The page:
Kinect: Can it make the breakthrough

Microsoft has dubbed Kinect as a new way of playing your Xbox 360 without a controller. It’s a controller-free gaming experience; an innovative experience that allows the user to play video games without having to touch a controller. Or…Kinect may be a huge bandwagon for Microsoft to leap on to appeal to the more family-oriented casual gamer. And it might even be a way to dumb down video games…without a controller.

Does the game industry ever learn? History may be good and dead but it can help the future from killing itself. We have been bombarded tirelessly with these ways of revolutionising the way we game, but I don’t think I stand alone when I say that I don’t care about the revolutionising of game consoles as much as I do about the revolutionising of video games. We have had it all: dance mats that can’t keep up; a football mat to make you feel like you’re on the pitch that only resulted with me kicking the Xbox; the Eye Toy. *Gasp* Need I suggest more?

Kinect’s biggest downfall is not its novelty, but rather its marketing. This is an item that I believe will not be appreciated by hardcore gamers and is too expensive for casual gamers. The bundle including a 4GB Xbox 360 slim, Kinect, and Kinect Adventures with one controller is priced the same price as the Halo Reach bundle, which includes a 250GB Xbox 360 slim, two controllers, an Xbox Live headset, and the most anticipated game of the year. Now, I will admit to being a novelty hunter. I’ve got collector’s editions of games such as Halo 3 and Grand Theft Auto 4, and the accessories were so useful I kept them in my shed. What bothers me is the direction Microsoft seems to be taking the Xbox 360 in.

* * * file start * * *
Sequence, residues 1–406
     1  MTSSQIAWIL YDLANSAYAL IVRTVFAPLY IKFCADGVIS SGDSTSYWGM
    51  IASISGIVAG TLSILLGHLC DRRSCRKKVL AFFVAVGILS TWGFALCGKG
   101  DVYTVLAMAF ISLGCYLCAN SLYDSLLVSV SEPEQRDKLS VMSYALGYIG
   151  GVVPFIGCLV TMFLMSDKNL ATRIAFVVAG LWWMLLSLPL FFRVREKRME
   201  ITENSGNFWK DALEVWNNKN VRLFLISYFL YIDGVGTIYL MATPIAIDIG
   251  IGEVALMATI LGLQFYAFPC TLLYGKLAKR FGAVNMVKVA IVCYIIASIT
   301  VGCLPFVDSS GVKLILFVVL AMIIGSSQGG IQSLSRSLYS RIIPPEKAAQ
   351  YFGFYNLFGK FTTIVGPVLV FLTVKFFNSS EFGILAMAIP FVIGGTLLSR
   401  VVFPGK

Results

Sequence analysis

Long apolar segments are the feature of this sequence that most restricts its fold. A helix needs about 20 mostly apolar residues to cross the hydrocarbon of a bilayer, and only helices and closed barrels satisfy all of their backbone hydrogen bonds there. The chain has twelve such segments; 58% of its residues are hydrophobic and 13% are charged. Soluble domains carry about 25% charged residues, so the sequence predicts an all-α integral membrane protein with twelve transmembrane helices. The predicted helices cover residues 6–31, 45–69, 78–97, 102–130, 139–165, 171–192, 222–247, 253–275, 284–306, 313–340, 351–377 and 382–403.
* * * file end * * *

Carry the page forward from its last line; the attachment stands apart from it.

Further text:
Microsoft recently defended the price of the Kinect bundle by comparing it to the price of the Wii as well as the PlayStation Move and all of their components, almost implying that anything the competition could do, Microsoft could do better. However, it really just seems to me as if they’re doing the same.

I was always under the impression that I played games to relax and have fun. I don’t want to break into a sweat when I’m playing Tony Hawk. I don’t want to pretend I’m driving a wheel while playing Gran Turismo. If anything, I feel we are going backwards. I remember playing Colin McCrae with a peripheral wheel and pedals which felt a hell of a lot more realistic when compared to simply holding your hands up in front of you and looking like you’re playing thumb wars with yourself.

On the one hand, Kinect does look like an extremely innovative piece of technology riddled with ten minute bursts of fun. But on the other hand, is this breakthrough in technology a breakthrough for gaming?

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